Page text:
Senate Bill 1309, commonly known as the birthright citizenship bill, gets its first hearing before the Arizona State Legislature on Monday.
"The issue is whether a child born to illegal immigrant parents in the U.S. is a citizen," said Senator Ron Gould of Lake Havasu City.
Gould says he sponsored the bill to stop the flow of illegal immigrants who come to the United States and give birth.
Under the 14th Amendment, that child automatically receives citizenship.
"These folks use birth tourism and sneak across to give birth in the U.S. to where that anchor baby allows them to start chain migration," said Gould.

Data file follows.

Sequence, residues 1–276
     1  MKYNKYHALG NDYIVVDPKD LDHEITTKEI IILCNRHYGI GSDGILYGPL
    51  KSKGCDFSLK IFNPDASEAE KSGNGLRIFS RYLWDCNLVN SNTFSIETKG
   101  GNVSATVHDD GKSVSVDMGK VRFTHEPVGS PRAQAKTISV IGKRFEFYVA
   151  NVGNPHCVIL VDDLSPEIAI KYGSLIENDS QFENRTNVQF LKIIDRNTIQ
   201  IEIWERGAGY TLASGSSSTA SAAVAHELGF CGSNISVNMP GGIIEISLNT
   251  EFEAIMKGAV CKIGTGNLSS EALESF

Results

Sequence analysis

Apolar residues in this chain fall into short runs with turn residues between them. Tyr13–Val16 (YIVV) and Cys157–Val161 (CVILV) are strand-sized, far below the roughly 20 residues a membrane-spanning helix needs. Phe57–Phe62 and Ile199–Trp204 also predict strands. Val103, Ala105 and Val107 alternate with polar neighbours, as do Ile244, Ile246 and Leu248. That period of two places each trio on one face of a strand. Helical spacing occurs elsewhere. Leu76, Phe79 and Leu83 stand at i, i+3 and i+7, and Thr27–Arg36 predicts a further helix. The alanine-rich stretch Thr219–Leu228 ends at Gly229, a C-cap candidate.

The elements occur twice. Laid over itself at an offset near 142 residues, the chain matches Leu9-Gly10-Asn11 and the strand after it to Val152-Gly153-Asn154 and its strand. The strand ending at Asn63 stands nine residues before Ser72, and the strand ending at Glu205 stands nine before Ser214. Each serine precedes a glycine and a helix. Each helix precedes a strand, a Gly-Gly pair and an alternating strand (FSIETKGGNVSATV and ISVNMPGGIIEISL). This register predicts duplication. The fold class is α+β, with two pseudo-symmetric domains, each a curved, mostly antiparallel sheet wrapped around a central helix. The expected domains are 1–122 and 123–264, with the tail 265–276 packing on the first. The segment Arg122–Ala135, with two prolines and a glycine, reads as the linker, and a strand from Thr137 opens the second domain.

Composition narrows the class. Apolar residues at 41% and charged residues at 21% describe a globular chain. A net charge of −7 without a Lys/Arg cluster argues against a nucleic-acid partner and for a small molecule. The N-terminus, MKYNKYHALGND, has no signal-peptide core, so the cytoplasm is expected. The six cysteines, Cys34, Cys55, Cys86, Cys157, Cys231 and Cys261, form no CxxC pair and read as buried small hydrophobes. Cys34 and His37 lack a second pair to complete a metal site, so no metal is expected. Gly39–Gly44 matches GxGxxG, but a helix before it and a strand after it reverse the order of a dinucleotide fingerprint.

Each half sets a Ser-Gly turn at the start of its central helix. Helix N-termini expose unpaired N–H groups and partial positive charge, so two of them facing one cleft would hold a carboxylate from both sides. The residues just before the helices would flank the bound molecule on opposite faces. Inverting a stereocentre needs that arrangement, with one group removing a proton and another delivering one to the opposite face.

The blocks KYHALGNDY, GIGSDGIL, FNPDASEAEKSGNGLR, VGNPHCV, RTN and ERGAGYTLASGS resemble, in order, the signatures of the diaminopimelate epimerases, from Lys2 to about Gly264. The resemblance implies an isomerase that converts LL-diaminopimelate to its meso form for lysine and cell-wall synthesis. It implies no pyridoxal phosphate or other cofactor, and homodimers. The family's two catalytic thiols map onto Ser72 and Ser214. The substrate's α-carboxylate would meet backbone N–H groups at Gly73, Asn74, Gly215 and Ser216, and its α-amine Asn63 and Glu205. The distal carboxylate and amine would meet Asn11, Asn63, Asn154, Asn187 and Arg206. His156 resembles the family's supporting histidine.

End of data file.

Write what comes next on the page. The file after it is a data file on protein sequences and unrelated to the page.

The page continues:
Senator Gould says he hopes to make it law that in order to gain citizenship, one of the child's parents must be a citizen themselves or have permanent status as a legal U.S. resident.
"At a time Arizona should be moving into the 21st century, you have some in the legislature whose motto is bring back the worst ideas of the 1850s," said new Democratic party chairman Andrei Cherny.
Cherny says even if Senate Bill 1309 passes through the legislature, just like 1070 before it, the courts will strike it down.
Cherny calls the birthright bill a political wedge meant to divide Arizonans.
"I think what some in the legislature are trying to do is re-fight the Civil War," said Cherny. "We don't want to go back to a war 150 years ago. We need to move our state forward."
The hearing gets underway at 2 p.m. Monday afternoon in the State Senate building and is open to the public.
If the bill passes, it would go to the Senate floor as early as next week.
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